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How to run faster with less energy

Running economy is one of the primary determinants of energy expended and magnitude of fatigue.

Much like fuel economy in your car improves performance and reduces cost, an improvement in running economy reflects a reduction in energy expense, and increased level of vitality and performance.

What is economy and how it measured?

Measuring oxygen consumption whilst running on a treadmill can be done in a well-equipped clinic or laboratory.

Oxygen consumption at sub-maximal speeds (eg. 10km.hr for a novice runner to 16km.hr for an elite runner) enables energy demands to be calculated. As economy improves, less oxygen is consumed at the same speeds. Data acquired in the lab correlates with a number of variables that can be monitored in the “real world”, such as heart rate and power output.

A reduction in steady-state heart rate and power output are typical responses to improved economy.

Power output is a relatively new but highly promising running monitoring concept. See stryd.com for new technology capable of measuring running power output.

What factors affect running economy?

  • Genetics
  • Environment
  • Previous training history
  • Body composition
  • Physiology – integration between muscle, heart, circulation, nervous system, and heat regulation
  • Biomechanics – foot strike patterns; stride rate

How to improve your running economy

Runners of all abilities can improve economy - key points to consider:

  • Timing of training - undertaking some of your training in a fasted state (morning, before breakfast), and reducing sugar in your diet, contributes to “fat adaptation”. Start with low intensity/short duration runs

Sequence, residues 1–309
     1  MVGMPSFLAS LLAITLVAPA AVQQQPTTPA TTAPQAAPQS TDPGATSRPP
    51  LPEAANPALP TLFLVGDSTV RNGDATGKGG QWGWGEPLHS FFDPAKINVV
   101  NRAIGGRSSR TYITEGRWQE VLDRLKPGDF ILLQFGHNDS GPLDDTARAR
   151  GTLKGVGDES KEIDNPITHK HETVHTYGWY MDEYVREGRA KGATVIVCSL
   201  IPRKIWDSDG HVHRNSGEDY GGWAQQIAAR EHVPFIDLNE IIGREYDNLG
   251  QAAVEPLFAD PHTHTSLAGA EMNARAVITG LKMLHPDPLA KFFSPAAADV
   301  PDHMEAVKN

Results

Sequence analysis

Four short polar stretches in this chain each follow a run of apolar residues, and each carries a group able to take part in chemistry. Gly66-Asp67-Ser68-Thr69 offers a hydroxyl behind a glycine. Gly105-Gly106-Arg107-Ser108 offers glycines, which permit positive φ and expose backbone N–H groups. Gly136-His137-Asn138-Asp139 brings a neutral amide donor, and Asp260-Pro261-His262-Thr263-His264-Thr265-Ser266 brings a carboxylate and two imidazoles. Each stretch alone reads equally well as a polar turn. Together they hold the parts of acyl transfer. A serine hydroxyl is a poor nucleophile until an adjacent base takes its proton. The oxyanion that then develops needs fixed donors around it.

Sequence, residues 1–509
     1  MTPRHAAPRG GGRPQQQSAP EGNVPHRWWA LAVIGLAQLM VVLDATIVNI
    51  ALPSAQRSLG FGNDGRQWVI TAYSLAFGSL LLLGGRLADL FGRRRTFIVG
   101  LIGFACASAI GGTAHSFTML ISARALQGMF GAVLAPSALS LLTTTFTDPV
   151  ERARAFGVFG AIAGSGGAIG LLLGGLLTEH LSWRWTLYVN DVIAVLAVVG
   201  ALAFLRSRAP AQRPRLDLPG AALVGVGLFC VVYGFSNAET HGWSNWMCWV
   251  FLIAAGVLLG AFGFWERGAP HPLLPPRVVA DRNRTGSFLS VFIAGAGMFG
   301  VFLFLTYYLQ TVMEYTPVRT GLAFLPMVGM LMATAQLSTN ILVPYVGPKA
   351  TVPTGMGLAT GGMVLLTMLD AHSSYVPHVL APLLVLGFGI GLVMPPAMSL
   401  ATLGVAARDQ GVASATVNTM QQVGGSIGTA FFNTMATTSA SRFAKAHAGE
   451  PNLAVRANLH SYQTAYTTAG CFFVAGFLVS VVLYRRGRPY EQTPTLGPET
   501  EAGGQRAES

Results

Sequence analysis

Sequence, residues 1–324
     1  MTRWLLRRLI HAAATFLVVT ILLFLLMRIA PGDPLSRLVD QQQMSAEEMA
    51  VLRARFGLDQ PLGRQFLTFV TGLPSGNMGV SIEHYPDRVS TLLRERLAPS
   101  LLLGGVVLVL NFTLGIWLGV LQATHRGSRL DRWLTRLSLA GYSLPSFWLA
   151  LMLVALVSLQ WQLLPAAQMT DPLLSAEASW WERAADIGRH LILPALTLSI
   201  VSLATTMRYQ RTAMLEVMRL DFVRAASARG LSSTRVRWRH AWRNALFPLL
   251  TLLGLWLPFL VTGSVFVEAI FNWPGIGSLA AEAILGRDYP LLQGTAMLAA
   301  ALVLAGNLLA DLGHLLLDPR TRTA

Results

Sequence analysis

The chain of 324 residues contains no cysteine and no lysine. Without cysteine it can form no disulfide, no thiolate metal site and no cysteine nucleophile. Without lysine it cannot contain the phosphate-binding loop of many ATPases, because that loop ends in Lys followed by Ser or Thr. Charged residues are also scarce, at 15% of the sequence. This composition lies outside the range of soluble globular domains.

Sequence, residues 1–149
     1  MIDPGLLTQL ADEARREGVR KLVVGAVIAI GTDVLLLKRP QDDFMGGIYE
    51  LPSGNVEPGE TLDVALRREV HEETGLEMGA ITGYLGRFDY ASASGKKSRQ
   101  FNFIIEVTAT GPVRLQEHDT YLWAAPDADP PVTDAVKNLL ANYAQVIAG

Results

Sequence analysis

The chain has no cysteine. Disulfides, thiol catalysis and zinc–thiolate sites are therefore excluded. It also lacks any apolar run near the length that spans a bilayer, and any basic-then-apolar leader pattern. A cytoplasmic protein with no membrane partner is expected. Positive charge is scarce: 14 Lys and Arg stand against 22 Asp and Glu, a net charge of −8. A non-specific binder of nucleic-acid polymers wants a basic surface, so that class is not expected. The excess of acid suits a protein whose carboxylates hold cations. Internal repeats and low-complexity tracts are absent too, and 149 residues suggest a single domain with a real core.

• Less is more - minimise the use of gels or sports drinks during training
  • It’s in the tempo - running at sub-threshold (~80%: not hard, but not easy) pace 1-2x per week. Start with 5min in the middle of a steady-state run, gradually building to 15-20min if you are training for 5-10km; and 30-45min for marathon runners
  • New strides – a slight increase in running stride rate can make a difference; ideally 82-85 strides or 164-170 steps per minute
  • Force production - strength training has a significant effect on muscle, tendon and neural pathways. For novices, start with simple body weighted exercises (squats, calf raises, lunges, step-ups), and progress gradually to plyometric exercises (skipping; box jumps; hops)

With a gradual sustained approach, and consistency, you will move across the ground with less effort; feel more robust, and get from A to B quicker.

Dr Simon Sostaric is the founder of Melbourne Sports & Allied Health Clinic (msahc.com.au) and also consults in Sydney at the Inner West Allied Health & Specialist Centre (alliedhealth.net.au).

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